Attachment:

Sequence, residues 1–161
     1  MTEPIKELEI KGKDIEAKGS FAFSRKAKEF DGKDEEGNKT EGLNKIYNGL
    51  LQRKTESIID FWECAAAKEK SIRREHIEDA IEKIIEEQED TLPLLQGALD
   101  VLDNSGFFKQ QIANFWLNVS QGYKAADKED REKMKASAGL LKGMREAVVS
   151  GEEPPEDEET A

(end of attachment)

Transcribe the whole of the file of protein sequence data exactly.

Sequence, residues 1–161
     1  MTEPIKELEI KGKDIEAKGS FAFSRKAKEF DGKDEEGNKT EGLNKIYNGL
    51  LQRKTESIID FWECAAAKEK SIRREHIEDA IEKIIEEQED TLPLLQGALD
   101  VLDNSGFFKQ QIANFWLNVS QGYKAADKED REKMKASAGL LKGMREAVVS
   151  GEEPPEDEET A